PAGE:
be employed with less solid erudition. Philo and some of the Rabbins and Fathers of the Greek Church first adopted this mode of interpretation; and according to their views, death has a double sense, with reference both to the body and the soul; the tree of knowledge is a symbol of wisdom; man is reason, and woman is sensuality. According to other allegorical interpreters, the garden is woman, the fruit in the midst of the garden is marriage, and the sin of the first pair consisted in their marrying too earlyl: but from such an interpretation disputes arose with the Enkratites (or continent,) and others, respecting celibacy. No particular notice is required of an interpretation by Hezel and Gambergs, founded on the picture discovered by Norden, and converting this section of Genesis into an erroneous account of a hieroglyphical narrative.

Critics in recent times have unanimously decided upon the mythical interpretation, and even Thomas Burnet 4 did not hesitate to say that “prejudice and habit alone prevent our regarding the legends of Genesis in the same light with those of the rest of antiquitys." We have, as Gesenius observes, “a philosophical description before us, which youthful fancy formed at one time with poetic freedom, and at another time connected with traditions already in existence; whilst the solution of the problem [of the creation and early state of man] possesses the highest degree of ethical and practical importance.”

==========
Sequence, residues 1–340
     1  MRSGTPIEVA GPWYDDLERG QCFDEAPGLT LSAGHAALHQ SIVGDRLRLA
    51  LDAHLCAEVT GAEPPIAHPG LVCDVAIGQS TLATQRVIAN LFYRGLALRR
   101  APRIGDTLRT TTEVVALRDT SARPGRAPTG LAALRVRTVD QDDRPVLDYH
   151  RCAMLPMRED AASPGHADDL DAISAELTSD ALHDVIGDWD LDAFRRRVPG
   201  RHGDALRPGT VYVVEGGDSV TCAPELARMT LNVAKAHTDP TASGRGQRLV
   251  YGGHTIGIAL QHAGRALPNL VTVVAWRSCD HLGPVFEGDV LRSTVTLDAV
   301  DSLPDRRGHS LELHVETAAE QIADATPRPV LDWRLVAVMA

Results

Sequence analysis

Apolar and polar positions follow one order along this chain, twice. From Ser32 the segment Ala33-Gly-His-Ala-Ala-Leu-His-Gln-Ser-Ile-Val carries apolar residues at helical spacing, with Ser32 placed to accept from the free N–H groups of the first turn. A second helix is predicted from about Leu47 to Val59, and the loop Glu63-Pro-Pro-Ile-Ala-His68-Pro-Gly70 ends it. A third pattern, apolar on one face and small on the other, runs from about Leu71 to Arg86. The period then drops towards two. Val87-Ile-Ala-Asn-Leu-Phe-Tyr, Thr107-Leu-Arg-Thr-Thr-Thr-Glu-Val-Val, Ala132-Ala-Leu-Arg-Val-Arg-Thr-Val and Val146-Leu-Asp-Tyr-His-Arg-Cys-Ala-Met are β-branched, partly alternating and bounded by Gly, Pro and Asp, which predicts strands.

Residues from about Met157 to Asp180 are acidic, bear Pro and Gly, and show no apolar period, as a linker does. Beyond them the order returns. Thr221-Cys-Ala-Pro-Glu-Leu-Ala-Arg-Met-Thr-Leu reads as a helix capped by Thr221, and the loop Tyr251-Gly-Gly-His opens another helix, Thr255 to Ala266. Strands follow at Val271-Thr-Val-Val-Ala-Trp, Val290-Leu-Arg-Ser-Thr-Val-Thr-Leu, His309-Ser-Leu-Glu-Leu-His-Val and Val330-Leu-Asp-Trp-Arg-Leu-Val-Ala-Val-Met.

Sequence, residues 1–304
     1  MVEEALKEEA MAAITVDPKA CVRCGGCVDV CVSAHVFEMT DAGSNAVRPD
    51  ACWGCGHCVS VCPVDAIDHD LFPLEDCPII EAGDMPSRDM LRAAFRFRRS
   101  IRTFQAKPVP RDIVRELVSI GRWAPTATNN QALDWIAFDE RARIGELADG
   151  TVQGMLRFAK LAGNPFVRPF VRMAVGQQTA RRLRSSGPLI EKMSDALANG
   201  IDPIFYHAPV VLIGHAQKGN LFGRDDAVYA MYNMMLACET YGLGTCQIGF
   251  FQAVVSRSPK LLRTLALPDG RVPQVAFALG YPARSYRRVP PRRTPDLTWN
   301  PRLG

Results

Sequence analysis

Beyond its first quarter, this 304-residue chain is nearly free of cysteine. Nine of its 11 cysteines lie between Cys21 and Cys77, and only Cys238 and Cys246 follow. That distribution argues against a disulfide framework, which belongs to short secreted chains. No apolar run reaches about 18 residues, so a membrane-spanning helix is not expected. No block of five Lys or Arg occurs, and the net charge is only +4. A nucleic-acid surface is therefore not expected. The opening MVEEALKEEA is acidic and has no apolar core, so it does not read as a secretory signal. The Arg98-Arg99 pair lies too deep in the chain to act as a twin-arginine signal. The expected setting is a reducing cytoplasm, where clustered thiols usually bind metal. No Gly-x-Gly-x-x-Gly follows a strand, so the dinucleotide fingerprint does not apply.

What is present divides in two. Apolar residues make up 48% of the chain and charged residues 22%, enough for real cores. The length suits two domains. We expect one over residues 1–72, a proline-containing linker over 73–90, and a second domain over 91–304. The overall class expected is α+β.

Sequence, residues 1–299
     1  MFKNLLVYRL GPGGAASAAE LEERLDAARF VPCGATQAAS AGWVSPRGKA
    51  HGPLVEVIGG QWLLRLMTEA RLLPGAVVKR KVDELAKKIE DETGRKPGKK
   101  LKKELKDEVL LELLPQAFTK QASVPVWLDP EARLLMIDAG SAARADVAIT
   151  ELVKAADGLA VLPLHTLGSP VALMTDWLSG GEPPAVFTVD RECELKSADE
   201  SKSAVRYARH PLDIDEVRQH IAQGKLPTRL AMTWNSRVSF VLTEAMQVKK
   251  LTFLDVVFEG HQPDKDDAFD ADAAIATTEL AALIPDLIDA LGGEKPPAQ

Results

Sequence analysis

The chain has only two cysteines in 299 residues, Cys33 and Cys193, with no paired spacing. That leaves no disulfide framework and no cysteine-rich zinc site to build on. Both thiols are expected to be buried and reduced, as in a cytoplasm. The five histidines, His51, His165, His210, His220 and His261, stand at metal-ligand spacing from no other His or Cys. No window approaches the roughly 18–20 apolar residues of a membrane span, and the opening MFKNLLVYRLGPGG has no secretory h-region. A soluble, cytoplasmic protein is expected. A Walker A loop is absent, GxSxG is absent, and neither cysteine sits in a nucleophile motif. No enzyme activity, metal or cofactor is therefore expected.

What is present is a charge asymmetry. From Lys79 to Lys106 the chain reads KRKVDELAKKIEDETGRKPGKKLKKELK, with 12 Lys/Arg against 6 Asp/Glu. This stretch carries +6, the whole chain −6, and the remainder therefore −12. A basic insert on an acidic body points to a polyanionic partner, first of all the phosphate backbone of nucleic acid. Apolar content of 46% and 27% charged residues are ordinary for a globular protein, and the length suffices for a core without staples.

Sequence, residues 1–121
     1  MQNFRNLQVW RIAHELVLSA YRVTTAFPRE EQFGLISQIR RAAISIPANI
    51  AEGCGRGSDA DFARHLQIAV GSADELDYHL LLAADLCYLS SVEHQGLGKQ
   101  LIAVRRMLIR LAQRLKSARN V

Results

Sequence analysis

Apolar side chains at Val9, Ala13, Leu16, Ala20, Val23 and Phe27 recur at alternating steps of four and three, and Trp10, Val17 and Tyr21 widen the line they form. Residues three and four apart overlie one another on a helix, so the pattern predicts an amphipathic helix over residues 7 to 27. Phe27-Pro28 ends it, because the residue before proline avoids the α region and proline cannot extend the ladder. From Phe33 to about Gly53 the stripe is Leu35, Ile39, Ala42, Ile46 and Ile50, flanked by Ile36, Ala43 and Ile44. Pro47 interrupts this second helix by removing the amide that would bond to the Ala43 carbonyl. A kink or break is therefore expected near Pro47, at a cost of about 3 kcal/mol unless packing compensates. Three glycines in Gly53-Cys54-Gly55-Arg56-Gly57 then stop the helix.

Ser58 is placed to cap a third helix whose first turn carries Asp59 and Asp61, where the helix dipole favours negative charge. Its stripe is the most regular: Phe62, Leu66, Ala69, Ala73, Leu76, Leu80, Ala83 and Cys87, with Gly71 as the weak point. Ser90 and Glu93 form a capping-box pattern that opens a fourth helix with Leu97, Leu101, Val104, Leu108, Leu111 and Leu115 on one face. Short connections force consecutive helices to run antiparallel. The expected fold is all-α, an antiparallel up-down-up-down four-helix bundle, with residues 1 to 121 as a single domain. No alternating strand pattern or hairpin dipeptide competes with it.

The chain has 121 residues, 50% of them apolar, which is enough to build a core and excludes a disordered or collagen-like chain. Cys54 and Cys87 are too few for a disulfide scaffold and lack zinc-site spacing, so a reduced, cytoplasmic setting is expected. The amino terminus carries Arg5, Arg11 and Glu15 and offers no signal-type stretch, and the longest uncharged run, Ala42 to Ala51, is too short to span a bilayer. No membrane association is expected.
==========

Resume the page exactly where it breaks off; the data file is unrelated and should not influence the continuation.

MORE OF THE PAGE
כל 5.

1 Clemens Alex. Strom. 3, 14. p. 554. 2 Ueber die Quelle der Mos. Urgeschichte. Lemgo, 1789. 3 Nysa, Eleutheropolis (Copenhagen), 1790. 4 Archæol. Philos. 2, 7. 5 Compare also Bauer, Hebr. Mythologie, p. 8.

Gesenius, with his vast stores of Hebrew learning, agrees with Winerl in determining that this philosophical account [of the origin of evil and of the termination of the golden age] is not of pure Israelitish growth; but we have now only to pay the closer attention to the primitive source and physical basis of the narrative, as no further explanations are given in Genesis, and all the efforts of that book are directed to the promotion of moral ends with reference to the Jewish people.

Our attention is particularly called to the widely spread idea of an Evil Being in serpent-shape', and this enigma is explained in the most satisfactory manner by referring to the astrological foundation of the Zend religion, which was closely associated with the soil and climate of Bactria and northern Media, towards which countries the whole of the narrative points. The fundamental features of the Chaldee-Persian religion, and of other Asiatic modes of faith, need not be detailed here, as we have examined them at length in another works, and we shall have to recur to them in the myth of the deluge. We may observe, however, that in the religions of Asia the myths are for the most part founded on the course of the Sun in the zodiac, which was observed at a very early period, as Dupuis has proved in a work of eleven volumes, containing undisputed arguments though but little critical acumen.

It will be sufficient here to mention, that the representation of four ages and periods of the world is copied from the four seasons of the year ; that the sun sinks gradually down

1 Realwörterbuch, p. 342; Encyclop. p. 360.

Gen. iii. 1.